Former newsboy recalls Leader Times past
A former Leader Times newsboy and frequent school truant credits those on his Kittanning route with setting him on the right path.
Herman “Buss” Cravener, 68, who lives in Balcony Towers on South McKean Street, was about 11 years old when he started delivering papers for what was then called the Simpsons' Daily Leader-Times.
Dressed in denim, his white hair pulled back in a ponytail under a black Neil Young ball cap, Cravener recalled those early days in Kittanning with a twinkle in his eye.
“I was an incorrigible student — I ran the truant officer ragged,” he said.
Cravener was one of 10 children, born at home on Union Way near Queen Street. He was born with a type of hereditary vision impairment, but could see well enough to read large print and get by most of the time.
“I could pass by picking up cues and would try and get along without drawing attention to myself,” Cravener said.
And even though he was inquisitive and loved to check out the newspaper's sports' page, his intellectual interests throughout his childhood and teen years didn't extend to school work. His chronic truancy landed him in reform school, and he eventually dropped out of school at 16.
But during his years delivering papers in East Kittanning — a route that included the Armstrong County Courthouse — Cravener got to know the professionals who worked there and found a measure of support from them.
He recalled the murder trial of Robert Tally Davis during the summer of 1957, which riveted the town.
“I would grab 30 extra papers and unload them at the courthouse during the trial,” he said. “Everyone would come out of the courtroom and read the story.”
Prothonotary Fred McElhenny was among the courthouse employees who befriended the newspaper boy and encouraged Cravener to believe in himself despite his poor track record in school.
“He must have thought I had something of value,” Cravener said.
“Mr. McElhenny mentored me without really knowing it,” he said, adding that McElhenny helped get him a job at a local nursery after he quit working as a paperboy.
The encouragement Cravener received stuck with him.
And even though it took quite a few years, Cravener eventually headed back to the classroom.
He was married to his former wife and had two sons when he went through the General Education Development (GED) Program in Kittanning before attending Clarion University. He graduated in 1983, earning a bachelor of arts in history, a bachelor of science in communications and a master's degree in communications.
Cravener is retired after working in a variety of jobs, including a stint as a weatherman for a television station in Parksville, W.Va.
His sense of inquisitiveness has never left him, and he likes to spend time researching whatever piques his interest.
“I like how you start looking for one thing and wind up somewhere else,” he said — which says something about his outlook on life.
“You never know what's around the corner,” he said.
Brigid Beatty is a staff writer for Trib Total Media. She can be reached at 724-543-1303 or email@example.com.
Show commenting policy
TribLive commenting policy
You are solely responsible for your comments and by using TribLive.com you agree to our Terms of Service.
We moderate comments. Our goal is to provide substantive commentary for a general readership. By screening submissions, we provide a space where readers can share intelligent and informed commentary that enhances the quality of our news and information.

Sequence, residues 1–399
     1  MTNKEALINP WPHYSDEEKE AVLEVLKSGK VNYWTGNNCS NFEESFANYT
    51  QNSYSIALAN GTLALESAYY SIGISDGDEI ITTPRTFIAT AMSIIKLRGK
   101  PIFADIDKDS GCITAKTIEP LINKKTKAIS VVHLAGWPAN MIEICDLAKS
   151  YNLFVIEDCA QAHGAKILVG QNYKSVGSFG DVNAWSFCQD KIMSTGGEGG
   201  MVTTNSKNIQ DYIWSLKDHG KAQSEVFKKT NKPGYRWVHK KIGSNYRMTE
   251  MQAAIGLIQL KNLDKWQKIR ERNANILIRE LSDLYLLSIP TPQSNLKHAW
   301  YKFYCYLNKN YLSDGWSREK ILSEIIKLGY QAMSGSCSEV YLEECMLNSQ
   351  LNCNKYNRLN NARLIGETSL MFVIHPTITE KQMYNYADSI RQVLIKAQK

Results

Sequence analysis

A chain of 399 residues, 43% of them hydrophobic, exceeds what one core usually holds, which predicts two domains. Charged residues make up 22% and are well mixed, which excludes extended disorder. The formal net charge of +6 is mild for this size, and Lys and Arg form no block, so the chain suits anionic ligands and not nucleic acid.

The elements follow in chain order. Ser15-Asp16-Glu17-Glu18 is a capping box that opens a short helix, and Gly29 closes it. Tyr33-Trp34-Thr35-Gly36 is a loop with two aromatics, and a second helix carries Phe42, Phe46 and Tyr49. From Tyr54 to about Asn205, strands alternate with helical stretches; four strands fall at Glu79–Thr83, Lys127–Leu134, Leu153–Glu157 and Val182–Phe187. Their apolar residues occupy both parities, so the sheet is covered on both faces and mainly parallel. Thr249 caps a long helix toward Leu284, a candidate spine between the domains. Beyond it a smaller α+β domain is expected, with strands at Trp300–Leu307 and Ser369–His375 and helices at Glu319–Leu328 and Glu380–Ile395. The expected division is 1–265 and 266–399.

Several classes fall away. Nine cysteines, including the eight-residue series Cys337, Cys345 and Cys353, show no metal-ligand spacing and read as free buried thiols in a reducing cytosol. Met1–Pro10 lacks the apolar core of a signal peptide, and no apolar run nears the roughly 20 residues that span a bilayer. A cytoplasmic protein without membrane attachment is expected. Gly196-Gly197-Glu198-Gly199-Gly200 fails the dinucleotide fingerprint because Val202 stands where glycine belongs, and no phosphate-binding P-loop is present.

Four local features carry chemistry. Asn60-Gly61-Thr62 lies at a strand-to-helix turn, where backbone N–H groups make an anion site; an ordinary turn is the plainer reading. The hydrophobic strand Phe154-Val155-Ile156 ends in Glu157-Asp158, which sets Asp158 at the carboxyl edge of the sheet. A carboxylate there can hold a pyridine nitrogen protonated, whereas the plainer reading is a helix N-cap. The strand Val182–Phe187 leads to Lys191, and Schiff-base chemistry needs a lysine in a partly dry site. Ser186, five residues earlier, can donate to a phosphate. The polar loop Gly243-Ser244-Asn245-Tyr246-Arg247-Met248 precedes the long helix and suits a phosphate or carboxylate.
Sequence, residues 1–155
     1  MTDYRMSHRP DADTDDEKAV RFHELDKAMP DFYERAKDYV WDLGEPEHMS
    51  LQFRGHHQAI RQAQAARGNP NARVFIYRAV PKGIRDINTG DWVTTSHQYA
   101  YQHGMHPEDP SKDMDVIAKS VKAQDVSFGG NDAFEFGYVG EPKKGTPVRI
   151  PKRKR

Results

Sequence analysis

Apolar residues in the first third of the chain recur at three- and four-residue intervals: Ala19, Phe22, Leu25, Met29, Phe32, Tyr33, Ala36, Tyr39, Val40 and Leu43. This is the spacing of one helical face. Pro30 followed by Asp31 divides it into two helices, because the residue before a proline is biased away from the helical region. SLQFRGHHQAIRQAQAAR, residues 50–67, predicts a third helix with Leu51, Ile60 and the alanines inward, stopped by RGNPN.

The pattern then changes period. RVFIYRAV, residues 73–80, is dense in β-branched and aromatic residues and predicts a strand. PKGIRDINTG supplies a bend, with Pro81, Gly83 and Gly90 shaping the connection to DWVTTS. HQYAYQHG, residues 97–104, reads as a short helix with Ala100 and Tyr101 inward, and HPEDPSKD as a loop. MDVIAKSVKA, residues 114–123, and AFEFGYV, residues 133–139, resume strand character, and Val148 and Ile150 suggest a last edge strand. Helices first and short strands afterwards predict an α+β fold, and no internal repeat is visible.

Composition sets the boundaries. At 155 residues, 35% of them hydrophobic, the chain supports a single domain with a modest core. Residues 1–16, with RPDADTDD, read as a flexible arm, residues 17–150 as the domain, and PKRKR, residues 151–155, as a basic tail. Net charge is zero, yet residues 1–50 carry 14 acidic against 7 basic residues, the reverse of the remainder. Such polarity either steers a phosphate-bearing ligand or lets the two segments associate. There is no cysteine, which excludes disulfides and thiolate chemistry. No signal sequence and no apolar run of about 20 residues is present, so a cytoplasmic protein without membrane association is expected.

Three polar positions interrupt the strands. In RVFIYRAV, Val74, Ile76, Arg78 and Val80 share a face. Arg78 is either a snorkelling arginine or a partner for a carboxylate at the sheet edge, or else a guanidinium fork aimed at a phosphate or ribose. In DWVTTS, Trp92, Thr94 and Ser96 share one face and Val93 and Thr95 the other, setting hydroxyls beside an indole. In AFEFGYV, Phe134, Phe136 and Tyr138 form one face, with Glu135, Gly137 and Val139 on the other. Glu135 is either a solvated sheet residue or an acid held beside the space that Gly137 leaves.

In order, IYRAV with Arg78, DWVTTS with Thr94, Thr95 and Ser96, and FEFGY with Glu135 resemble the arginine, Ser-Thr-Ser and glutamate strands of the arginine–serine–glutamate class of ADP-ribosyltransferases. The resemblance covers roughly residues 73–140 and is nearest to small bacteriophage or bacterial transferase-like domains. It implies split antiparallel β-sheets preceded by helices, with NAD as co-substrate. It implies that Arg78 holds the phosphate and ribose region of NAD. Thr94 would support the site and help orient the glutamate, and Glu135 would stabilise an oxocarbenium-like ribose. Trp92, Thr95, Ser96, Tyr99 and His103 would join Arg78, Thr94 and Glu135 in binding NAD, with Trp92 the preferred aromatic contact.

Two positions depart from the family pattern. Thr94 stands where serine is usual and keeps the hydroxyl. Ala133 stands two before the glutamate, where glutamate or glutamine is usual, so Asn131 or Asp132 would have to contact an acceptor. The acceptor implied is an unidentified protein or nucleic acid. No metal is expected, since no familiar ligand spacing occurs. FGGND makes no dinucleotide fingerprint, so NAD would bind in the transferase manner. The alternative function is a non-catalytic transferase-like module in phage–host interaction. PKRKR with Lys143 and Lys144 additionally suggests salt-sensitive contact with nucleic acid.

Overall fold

While most comments will be posted if they are on-topic and not abusive, moderating decisions are subjective. We will make them as carefully and consistently as we can. Because of the volume of reader comments, we cannot review individual moderation decisions with readers.
We value thoughtful comments representing a range of views that make their point quickly and politely. We make an effort to protect discussions from repeated comments either by the same reader or different readers.
We follow the same standards for taste as the daily newspaper. A few things we won't tolerate: personal attacks, obscenity, vulgarity, profanity (including expletives and letters followed by dashes), commercial promotion, impersonations, incoherence, proselytizing and SHOUTING. Don't include URLs to Web sites.
We do not edit comments. They are either approved or deleted. We reserve the right to edit a comment that is quoted or excerpted in an article. In this case, we may fix spelling and punctuation.
We welcome strong opinions and criticism of our work, but we don't want comments to become bogged down with discussions of our policies and we will moderate accordingly.
We appreciate it when readers and people quoted in articles or blog posts point out errors of fact or emphasis and will investigate all assertions. But these suggestions should be sent via e-mail. To avoid distracting other readers, we won't publish comments that suggest a correction. Instead, corrections will be made in a blog post or in an article.
- Thanksgiving meal offers Ford City students a chance to learn
- Ford City council OKs purchase of 2 patrol cars
- Stanley’s Bar & Grill in Ford City offers free Thanksgiving dinner
- Christmas train is an annual Armstrong holiday tradition
- Armstrong softball team sends off 41 Operation Christmas Child boxes
- Armstrong children can visit Santa in a quiet, calm atmosphere
- Kittanning Salvation Army kicks off holiday shoe drive
- Robbery nets stint in prison for Marion Center man
- Ford City executive sessions called into question
- Armstrong libraries offering adult coloring clubs
- Young violinist remains dedicated to his craft, enjoys visits home to Armstrong